CAHNRS NewsCollege of Agricultural, Human, and Natural Resource Science
2020 Women in Ag Conference cultivates healthy farms, careers
Women across the Northwest can learn how to run resilient farms and businesses while enhancing their own health at the 2020 Women in Agriculture Conference, organized by Washington State University Extension.
The event is Saturday, Jan. 25, at 32 locations in Washington, Idaho, Oregon, Montana, Alaska, and Hawaii. Designed for women who are farming, as well as new and aspiring farmers, the conference also welcomes business owners, supporting spouses, students, and interns.
This year’s conference, “Healthy Farms,” helps attendees learn how to cultivate personal resiliency, handling the ‘ups and downs’ of careers in agriculture.
“It’s no secret that things can be tough for farmers,” said Margaret Viebrock, director of WSU Douglas and Chelan County Extension and chairwoman of the annual conference. “Stress in farming has always existed, but levels soar during times of high costs and low returns.”
Speakers and discussions will help motivate women to develop a self-care plan and realize the connection between a healthy person and a healthy farm.
Each location will have a local panel of women farmers who will explain how they developed plans to deal with day-to-day events and make mindful decisions for success in farming.
Presented via distance technology at all locations, headline speakers include Brenda Mack, a third generation Minnesota farmer who is also a behavior and wellness professor with Bemidji State University; and Shauna Reitmeier, also a third-generation farmer who specializes in behavioral health at Minnesota’s Northwest Mental Health Center. Together, they will help women farmers strengthen their personal healthcare to reduce the effects of stress, worry, and exhaustion.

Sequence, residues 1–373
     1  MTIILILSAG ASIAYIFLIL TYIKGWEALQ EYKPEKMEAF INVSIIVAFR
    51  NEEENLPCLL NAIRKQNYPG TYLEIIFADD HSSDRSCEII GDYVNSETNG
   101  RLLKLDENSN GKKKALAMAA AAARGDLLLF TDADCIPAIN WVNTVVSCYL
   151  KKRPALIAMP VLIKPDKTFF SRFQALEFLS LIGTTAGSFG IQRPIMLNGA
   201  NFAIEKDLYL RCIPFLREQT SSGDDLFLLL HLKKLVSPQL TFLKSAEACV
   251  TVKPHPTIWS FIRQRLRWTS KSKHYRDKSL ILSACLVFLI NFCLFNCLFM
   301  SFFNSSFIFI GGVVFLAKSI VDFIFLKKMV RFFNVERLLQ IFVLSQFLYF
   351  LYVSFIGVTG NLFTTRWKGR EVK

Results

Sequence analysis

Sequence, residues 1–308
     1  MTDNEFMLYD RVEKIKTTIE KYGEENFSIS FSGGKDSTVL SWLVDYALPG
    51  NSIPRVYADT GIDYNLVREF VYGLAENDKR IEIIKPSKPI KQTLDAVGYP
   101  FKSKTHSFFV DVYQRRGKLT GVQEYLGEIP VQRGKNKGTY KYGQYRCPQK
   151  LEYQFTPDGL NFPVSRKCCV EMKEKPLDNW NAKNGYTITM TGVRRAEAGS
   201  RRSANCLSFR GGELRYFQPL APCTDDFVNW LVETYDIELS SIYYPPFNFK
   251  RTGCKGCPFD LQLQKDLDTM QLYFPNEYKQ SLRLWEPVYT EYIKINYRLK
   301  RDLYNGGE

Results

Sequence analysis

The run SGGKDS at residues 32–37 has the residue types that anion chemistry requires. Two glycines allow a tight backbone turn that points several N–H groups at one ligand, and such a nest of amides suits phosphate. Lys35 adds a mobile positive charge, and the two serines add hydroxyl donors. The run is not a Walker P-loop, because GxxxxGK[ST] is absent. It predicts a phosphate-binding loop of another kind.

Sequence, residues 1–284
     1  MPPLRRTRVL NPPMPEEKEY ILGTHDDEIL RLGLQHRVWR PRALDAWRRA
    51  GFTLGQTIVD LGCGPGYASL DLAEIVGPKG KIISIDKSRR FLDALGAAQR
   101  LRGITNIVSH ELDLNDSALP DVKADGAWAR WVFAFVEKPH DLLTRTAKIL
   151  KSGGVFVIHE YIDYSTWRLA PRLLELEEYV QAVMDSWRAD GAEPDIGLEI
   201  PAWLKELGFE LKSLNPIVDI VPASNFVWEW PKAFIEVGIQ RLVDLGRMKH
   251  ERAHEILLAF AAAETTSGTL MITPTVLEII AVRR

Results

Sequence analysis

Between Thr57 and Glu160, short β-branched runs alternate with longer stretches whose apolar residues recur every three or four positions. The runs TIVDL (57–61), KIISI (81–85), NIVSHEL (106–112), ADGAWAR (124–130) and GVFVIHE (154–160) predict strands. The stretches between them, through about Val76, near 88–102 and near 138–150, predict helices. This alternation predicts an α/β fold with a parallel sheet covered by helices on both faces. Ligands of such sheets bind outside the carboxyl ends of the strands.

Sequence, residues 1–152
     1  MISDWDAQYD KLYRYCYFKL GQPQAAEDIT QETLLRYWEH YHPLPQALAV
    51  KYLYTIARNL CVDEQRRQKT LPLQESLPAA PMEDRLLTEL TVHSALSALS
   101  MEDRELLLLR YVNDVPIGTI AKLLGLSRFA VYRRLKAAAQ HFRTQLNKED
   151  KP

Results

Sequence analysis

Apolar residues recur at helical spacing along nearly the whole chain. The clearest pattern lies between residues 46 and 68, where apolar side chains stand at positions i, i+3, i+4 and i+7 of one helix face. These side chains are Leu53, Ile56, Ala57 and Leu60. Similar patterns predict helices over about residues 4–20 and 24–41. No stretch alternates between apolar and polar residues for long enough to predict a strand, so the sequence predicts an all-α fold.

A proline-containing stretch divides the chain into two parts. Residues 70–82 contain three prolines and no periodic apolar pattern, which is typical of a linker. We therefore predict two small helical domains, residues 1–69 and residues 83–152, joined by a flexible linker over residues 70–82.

Colorado State University Extension educator Sue Schneider will teach women how to make mindful farming and personal decisions. Gabrielle McNally, representing the Women for the Land: American Farmland Trust’s Initiative, will explain how this program engages women farmers in conservation, farmland preservation, and land access.
Last year, nearly 500 women attended the Women in Agriculture Conference.
“Many attendees say this is the best conference for women producers, because it presents practical information they can use right away,” Viebrock said.
Admission is $35 ($30 before Jan. 18) and includes the workshop, light breakfast, lunch, and conference materials.
Persons requiring special accommodations may contact Viebrock at (509) 745-8531 or by email at firstname.lastname@example.org
Visit the conference website at www.womeninag.wsu.edu for details about locations, schedule, and registration.